Grounds and Gardens
The gardens at Leckhampton are a year-round delight for both people and wildlife. The gardening team continue to improve the planting and management of the gardens to create a peaceful place for students, staff and Fellows, and to encourage wildlife to thrive. The video below shows the gardens at Leckhampton through years and across the seasons.
- Tree management
We are lucky to have many mature trees across our estate, many of which are under protection orders, including:
- a 400-year-old mulberry (Morus nigra) in the Fellows' Garden at Old House
- a grand copper beech (Fagus sylvaticus atropurpurea) that was planted at Leckhampton House when the house was built in 1893
- several Atlas cedars (Cedars atlantica) in excess of 75 high and wide, planted circa 1890 as prestigious exotics
- a dawn redwood (Metasequoia glyptostroboides) near the swimming pool
- A Persian ironwood (Parrotia) which gives great colour in autumn
Mature trees such as these provide invaluable habitat for birds and other creatures (buzzards and other raptor regularly perch on the dawn redwood), create shade and of course absorb carbon dioxide.
The gardening team carry out an active programme of tree management, clearing out trees in a lot of the neglected, background areas which has given space and light to the remaining trees. Head Gardener Andy Pullin's approach is to "put in more trees than you take out". By next autumn the team will have planted 650 trees at Leck.
Many of these trees come from the Woodland Trust, who offer saplings to schools & colleges, with various themes. Options include the 'year-round colour', 'working wood' and the 'wild harvest' selections. More details are available from the website below. This year we have chosen 480-tree wildlife pack, which includes hawthorn, hazel, silver birch, rowan, sessile oak and blackthorn.
These saplings will be delivered in March 2023, then potted up, and kept at our greenhouse facility on Sidgwick Avenue until we plant out in November next year. The reason for not planting immediately is guarantee that the saplings survive through next summer, in the event that we have another year of record-breaking temperatures.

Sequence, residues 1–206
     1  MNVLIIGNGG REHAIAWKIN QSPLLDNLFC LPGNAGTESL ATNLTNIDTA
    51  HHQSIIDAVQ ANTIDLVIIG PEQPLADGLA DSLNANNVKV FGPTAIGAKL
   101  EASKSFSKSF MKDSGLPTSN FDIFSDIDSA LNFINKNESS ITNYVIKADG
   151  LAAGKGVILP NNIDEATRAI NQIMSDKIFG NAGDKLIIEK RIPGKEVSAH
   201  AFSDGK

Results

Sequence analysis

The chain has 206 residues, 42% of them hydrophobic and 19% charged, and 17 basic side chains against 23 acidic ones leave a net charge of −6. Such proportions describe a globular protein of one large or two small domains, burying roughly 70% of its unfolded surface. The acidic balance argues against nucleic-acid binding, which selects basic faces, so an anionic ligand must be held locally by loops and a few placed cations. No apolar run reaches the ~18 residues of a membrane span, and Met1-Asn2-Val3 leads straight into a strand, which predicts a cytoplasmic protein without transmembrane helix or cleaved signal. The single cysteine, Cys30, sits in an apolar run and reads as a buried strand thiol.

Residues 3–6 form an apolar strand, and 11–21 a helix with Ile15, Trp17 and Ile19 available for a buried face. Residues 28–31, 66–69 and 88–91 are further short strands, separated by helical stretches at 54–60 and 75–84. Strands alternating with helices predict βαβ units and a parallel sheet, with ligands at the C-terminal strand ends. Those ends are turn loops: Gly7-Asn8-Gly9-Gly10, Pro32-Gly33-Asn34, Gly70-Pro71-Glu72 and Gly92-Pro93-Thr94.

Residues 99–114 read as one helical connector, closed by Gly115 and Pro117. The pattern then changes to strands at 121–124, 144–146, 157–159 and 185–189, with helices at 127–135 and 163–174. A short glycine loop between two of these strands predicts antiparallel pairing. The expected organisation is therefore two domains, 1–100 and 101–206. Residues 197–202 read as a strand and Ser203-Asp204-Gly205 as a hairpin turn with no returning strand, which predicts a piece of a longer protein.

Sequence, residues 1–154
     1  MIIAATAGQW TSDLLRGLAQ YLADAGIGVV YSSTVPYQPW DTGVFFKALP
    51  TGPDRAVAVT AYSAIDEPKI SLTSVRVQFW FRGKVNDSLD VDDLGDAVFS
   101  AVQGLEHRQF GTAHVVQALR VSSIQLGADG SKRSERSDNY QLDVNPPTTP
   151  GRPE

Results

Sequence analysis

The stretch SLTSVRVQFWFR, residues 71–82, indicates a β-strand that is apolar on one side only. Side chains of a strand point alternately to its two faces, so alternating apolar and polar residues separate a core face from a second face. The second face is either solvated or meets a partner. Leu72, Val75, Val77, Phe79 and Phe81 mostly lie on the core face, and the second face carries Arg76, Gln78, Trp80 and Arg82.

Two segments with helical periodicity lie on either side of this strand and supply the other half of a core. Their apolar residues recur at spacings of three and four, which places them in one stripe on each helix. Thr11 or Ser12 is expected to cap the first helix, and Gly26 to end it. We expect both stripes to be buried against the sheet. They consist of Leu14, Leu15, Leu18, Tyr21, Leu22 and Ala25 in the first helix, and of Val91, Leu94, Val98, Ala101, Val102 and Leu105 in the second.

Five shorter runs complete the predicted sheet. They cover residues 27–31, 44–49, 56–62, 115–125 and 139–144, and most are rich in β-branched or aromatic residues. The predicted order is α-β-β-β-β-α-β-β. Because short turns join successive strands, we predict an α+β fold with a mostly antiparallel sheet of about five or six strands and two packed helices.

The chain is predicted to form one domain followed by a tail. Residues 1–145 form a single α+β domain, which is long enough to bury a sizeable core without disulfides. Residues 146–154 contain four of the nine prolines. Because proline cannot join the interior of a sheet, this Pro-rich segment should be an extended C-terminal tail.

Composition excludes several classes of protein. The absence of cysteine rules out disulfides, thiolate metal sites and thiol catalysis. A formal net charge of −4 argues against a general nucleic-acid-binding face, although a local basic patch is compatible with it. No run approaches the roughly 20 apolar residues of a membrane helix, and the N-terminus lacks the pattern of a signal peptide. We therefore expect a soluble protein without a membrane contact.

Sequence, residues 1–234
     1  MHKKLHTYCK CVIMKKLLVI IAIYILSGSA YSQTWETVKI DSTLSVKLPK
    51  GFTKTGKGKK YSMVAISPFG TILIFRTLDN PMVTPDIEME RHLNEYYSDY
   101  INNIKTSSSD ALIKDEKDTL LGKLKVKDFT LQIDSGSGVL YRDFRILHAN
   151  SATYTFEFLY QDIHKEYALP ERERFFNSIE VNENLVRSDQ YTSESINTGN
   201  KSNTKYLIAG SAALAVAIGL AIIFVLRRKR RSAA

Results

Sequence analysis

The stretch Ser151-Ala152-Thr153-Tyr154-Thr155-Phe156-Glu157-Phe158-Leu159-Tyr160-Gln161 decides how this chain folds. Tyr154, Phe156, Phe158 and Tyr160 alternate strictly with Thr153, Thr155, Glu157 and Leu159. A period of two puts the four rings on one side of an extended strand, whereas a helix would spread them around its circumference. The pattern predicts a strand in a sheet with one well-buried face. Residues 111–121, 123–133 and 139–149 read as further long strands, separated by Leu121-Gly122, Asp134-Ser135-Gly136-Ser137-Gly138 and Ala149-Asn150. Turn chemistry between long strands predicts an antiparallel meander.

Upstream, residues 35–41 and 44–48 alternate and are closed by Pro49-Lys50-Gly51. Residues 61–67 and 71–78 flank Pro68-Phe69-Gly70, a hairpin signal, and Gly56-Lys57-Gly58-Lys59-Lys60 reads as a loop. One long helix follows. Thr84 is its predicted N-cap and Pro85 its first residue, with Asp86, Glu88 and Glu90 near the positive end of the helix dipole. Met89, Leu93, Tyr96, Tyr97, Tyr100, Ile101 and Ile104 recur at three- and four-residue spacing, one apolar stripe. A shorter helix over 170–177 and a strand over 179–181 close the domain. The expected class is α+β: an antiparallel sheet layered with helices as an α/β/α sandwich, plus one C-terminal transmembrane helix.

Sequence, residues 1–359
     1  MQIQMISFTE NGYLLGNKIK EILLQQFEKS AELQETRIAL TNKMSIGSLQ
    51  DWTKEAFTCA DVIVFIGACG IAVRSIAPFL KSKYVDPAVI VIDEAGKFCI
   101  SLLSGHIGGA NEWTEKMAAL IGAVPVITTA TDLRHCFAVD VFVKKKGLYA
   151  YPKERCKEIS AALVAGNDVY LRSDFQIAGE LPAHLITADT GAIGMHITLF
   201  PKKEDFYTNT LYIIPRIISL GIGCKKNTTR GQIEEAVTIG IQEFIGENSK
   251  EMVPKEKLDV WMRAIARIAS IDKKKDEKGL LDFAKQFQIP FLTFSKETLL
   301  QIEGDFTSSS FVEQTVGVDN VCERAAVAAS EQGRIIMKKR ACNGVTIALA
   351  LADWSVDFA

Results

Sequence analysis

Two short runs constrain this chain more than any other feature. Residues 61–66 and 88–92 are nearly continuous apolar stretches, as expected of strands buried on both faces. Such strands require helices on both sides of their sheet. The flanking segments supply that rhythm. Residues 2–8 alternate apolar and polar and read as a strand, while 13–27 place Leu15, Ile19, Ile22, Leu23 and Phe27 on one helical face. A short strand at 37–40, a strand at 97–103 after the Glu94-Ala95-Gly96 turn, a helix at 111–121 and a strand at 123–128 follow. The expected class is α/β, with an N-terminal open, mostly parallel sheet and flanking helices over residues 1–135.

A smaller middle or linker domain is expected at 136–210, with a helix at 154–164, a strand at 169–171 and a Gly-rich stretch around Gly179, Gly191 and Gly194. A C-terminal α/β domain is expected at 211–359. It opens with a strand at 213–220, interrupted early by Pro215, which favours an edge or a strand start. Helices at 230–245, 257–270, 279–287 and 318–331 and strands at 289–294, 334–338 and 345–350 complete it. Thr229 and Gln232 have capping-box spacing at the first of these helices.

- Green waste
Much of our green waste is composted or repurposed.
Smaller branches and leaves are put into our compost system. We use the compost widely across the gardens, particularly around the bases of trees.
We put some slightly larger branches through a wood chipper and use the resulting wood chips to mulch around the bases of trees and new plantings. For other branches we use a technique recommended by Senior Gardener Matt Mace called 'brash' or 'dead hedges'. With this technique, we arrange branches and twigs to form a barrier which can serve several purposes:
- discourage people from walking over sensitive areas
- provide shelter for small mammals and birds
- create a green 'corridor' from one wildlife-friendly area to another
Larger branches are fed through a wood chipper and the resulting wood chips are used as mulch around trees and new plantings (shown below is Domus Bursar Gemma Donaldson trying her hand at wood chipping).
Growing our own plants from seed and cuttings is economical and gives us the biggest bang for our buck. The team grows herbaceous perennials from cuttings and divisions, and annual plants from seed in our greenhouse at Middleton House on Sidgwick Avenue.
- Meadow management
We are lucky amongst Cambridge colleges to have several mature meadow areas. A large swathe of grassland in the Leckhampton site has been home to perennial lupines since at least the 60s. In addition, we have a Prairie Meadow planted by alumnus garden designer Tom Stuart- Smith. Andy talks about the meadow in this video:
To renew the meadow, the team have cleared out a lot of the moss and thatch by scarifying in order to create a seed bed that they can then overseed. The'throw-and-go seed mix they have chosen was developed at the Cambridge University Botanic Gardens and it contains to encourage bees and other pollinators. They'll also add some umbellifers grown in the greenhouses, as well as some of the original plantings like rudbeckia, coneflowers and monarda.